Although Article 3 of the International Covenant on Economic, Social and Cultural Rights urges states to ensure women’s enjoyment of their economic and social rights, governments have failed to adopt measures to enhance women’s empowerment and access to productive resources. The detachment of VAW within the human rights movement from the broader struggles for social and economic equality, eradication of poverty and unemployment, livelihood security etc, reduced women’s human rights issues to one of ‘protection’ and women into victims in need of being saved.
Feminist economists’ and women’s rights advocates for long have emphasised the importance of women’s economic autonomy and called for integrating a gender perspective into macro-economic policies. This has become particularly urgent under neo-liberalism and the international financial crisis. The likely adverse impact of the crisis on women’s employment, livelihood security, the realisation of the full range of their rights, including the potential for increase in violence against them as well as on the achievement of the Millennium Development Goals to slash poverty, hunger, infant and maternal mortality, and illiteracy by 2015, has occupied the debates.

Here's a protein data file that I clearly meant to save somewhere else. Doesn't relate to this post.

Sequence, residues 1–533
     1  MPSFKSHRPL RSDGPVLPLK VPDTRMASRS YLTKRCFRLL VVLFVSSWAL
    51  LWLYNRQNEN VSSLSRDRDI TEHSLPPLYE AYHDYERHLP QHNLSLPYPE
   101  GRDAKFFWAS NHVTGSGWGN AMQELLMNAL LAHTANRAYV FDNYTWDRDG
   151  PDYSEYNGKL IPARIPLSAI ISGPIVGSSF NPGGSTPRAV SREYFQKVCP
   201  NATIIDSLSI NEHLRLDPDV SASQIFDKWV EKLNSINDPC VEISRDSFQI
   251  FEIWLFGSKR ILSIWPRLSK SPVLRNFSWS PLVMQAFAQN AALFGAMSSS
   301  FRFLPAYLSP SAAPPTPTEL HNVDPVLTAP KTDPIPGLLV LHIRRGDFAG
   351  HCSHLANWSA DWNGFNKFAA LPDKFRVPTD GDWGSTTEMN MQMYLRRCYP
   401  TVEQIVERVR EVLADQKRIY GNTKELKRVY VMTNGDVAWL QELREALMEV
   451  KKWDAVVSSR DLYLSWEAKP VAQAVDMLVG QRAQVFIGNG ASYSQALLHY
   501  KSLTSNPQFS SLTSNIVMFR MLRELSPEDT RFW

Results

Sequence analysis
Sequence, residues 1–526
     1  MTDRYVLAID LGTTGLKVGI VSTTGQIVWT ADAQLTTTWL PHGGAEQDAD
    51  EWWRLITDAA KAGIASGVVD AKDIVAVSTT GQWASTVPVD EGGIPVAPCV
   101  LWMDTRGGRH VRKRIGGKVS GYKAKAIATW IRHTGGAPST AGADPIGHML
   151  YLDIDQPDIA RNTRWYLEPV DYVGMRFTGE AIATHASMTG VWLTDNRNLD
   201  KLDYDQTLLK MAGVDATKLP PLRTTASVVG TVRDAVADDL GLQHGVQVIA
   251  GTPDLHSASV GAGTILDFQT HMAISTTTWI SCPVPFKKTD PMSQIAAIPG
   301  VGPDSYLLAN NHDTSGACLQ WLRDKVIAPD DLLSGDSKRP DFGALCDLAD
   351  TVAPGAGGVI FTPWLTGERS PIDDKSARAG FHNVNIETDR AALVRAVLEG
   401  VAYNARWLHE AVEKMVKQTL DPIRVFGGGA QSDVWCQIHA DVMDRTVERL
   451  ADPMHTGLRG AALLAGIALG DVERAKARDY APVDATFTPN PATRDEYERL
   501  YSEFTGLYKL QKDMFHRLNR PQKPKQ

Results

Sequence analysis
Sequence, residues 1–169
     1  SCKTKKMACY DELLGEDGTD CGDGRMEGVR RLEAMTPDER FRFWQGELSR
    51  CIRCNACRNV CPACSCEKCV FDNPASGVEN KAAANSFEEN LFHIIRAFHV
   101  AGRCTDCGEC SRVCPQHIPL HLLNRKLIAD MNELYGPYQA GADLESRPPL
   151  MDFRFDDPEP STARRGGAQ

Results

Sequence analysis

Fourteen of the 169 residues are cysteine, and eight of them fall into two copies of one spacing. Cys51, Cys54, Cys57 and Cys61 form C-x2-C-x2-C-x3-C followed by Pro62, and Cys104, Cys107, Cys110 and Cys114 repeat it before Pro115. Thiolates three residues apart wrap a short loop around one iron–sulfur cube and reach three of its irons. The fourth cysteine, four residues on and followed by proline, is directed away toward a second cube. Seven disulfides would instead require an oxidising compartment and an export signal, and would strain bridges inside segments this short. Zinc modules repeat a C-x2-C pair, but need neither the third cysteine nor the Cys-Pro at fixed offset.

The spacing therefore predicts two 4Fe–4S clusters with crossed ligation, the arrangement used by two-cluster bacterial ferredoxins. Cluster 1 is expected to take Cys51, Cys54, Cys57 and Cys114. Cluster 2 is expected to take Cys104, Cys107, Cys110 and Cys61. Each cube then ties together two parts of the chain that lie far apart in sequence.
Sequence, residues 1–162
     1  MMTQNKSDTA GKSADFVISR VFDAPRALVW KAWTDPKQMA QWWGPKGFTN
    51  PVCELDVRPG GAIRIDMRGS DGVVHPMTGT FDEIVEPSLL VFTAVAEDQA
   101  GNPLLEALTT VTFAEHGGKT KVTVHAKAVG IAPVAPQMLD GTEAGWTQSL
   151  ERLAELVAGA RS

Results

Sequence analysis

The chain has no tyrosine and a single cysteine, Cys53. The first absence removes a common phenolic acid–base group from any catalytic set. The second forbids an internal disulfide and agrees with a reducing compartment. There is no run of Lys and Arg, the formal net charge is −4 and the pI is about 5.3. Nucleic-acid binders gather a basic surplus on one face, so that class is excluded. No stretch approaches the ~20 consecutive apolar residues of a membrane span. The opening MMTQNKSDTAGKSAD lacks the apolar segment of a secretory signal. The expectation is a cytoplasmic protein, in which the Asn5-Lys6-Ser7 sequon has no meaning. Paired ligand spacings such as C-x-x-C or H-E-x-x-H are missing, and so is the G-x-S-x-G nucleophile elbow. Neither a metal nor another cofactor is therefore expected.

The exposure of socio-economic rights as the missing link within the women’s human rights movement made integration of a political economy perspective into the feminist approach to women’s right compelling. Political economy offers a materialist understanding of society that reveals the interconnections among the economic, political, and cultural/ideological spheres and incorporates race, class, and culture into feminist analysis. Such an analysis; (i) goes beyond mere distributional aspects of access to economic and social rights; (ii) identifies discriminatory policies, practices and entitlement structures that determine the gendered manifestations of these rights; and (iii) draws attention to the feminist critique of the hierarchy of rights resulting from the differential treatment of ‘first generation’ and ‘second generation’ rights, ie the twin covenants.